- A key intervention, in line with our theme of changing lives and communities, was the implementation of a second-chance programme for learners who failed matric in 2007. The overwhelming learner response to the programme revealed a hungry thirst for education among children we tend to cast off as failures at grade 12. Over 400,000 full-time and part-time candidates are writing exams as we speak – a number very close to our total pool for 2007.
- The response to the Kha ri Gude Mass Literacy Campaign has been overwhelming enthusiasm. Gauteng already has 32,000 learning, North West 42,000, Eastern Cape 100,000, and Limpopo 47,000. These are the provinces with the largest numbers of illiterate people. Current enrolments suggest we have exceeded our target of 300,000 enrolled.
- In addition to providing adults with the skills of reading, writing, and numeracy (up to ABET level 1), a successful campaign will also mean that South Africa will meet the commitment made at Dakar in 2002 to reduce illiteracy by at least 50%.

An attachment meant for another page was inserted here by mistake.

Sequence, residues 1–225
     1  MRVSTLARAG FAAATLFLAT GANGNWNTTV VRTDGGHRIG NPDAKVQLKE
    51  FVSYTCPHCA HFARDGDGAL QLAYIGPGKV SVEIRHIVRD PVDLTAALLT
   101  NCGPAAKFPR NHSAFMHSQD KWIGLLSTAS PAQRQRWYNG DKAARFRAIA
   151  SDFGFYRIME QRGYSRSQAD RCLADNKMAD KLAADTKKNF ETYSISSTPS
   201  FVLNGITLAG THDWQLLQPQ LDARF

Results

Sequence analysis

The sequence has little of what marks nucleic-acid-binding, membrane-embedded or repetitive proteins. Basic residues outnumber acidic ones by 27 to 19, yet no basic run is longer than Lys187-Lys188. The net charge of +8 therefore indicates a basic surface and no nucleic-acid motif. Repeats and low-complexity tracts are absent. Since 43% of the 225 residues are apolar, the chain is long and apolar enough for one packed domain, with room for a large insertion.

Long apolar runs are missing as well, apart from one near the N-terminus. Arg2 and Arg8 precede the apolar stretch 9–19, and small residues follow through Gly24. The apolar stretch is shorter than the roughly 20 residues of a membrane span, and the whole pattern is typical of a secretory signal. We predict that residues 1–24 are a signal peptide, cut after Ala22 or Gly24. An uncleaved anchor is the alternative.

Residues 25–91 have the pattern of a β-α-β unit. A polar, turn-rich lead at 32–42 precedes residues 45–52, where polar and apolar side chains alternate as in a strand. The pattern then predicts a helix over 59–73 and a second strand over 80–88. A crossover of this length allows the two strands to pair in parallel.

- During 2008 a key focus will be on a recruitment campaign to attract young people into foundation phase teaching, particularly students keen and able to teach in the various African languages.
- Data on un- and under-qualified teachers in the system will be collected. The outcome of this will be the production of a five-year plan for a focused systemic approach to teacher upgrading to be implemented from 2009.
The Education Deputy Minister, Enver Surty, explained that today’s global knowledge economy demands competence in using ICTs. Therefore all teachers and learners must be ICT literate.
During the parliamentary session, other MPs responded to the budget. Of interest were the following points:
- The goal of the teacher upgrading program is to have no unqualified teachers by 2013.